I have met WAY more people who don't want to deal with subtext, metaphor, symbolism, or anything beyond the literal meaning than I ever have who wanted to challenge the way in which literature is presented within a high school curriculum. Their cries of "can't you just enjoy the story" echo in my ears even twenty years later. Enjoying the story is fine. Appreciating some of its deeper meaning is also fine.
Saying that there is no deeper meaning is less fine.
There's a lot to be said about education, creative process, authorial intent, symbols on the page that were not consciously in the mind of the author, for teachers being fallible, and even the US education system. My rant didn't address these things because the meme didn't address these things. The meme says simply "Your English teacher is totally full of shit."
And that just isn't true.
6- There is so much more meaning in life for people who can interpret subtext, metaphor, allegory, symbolism, and other figurative language
In many ways it is analogous to learning to read or understanding when a person is being sarcastic. It opens up doors to deeper appreciation, but even actual meaning and understanding. A person will get so much more out of many experience, especially reading. They will be better at interpreting events. They'll pick up on little things in everything from books to movies to people's behavior.
We learn symbolism in high school to teach us how to better think critically about how language doesn't always mean only what it literally means. This is invaluable to being human when we come into contact with people who use words differently or can layer meaning.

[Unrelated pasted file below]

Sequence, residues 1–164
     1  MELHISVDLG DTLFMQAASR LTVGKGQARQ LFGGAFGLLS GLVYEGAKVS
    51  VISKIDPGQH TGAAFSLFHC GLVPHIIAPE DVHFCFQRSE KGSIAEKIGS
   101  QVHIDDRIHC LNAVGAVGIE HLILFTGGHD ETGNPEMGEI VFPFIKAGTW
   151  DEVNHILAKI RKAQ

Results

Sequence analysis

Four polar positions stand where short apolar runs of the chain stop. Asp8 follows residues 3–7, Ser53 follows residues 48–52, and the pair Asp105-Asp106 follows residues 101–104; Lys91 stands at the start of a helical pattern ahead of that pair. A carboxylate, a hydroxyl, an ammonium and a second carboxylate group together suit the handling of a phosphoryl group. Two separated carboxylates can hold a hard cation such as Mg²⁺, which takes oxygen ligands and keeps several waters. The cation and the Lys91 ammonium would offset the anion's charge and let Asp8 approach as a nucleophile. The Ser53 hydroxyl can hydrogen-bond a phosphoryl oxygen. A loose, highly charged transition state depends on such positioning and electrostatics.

To instead insist that education in understanding literature at this level is a fool's errand with no more utility than tilting at windmills is an embrace of willful ignorance. It's like saying there's no merit to eating anything but nutritional paste because that's got all you need to survive. Good food is good because of its texture, subtlety, flavor, and such. These people who just want to read without analysis may miss the delight of a well done metaphor, the comprehension of social criticism in a hidden symbol, and even "what the author meant" when they insist that the author meant nothing but the denotative, literal text. In a very real way, people who have a skill at reading are capable of reading more.
To mock that seems less than petty. It seems to celebrate the snub of expertise. It seems to delight in remaining ignorant as preferable to taking the time to understand why an English teacher might be teaching something. And in a world where we scratch our heads and can't figure out how Russian psyops get people to believe fake news, maybe we ought not to mock the people who are trying to teach us how to read with a little more intellectual rigor.
I mean I know English teachers make huge paychecks, enjoy a totally supportive community, are the idols of their appreciative students, and have near superhero status in the greater society for the job they do, but honestly some of them actually like to teach English.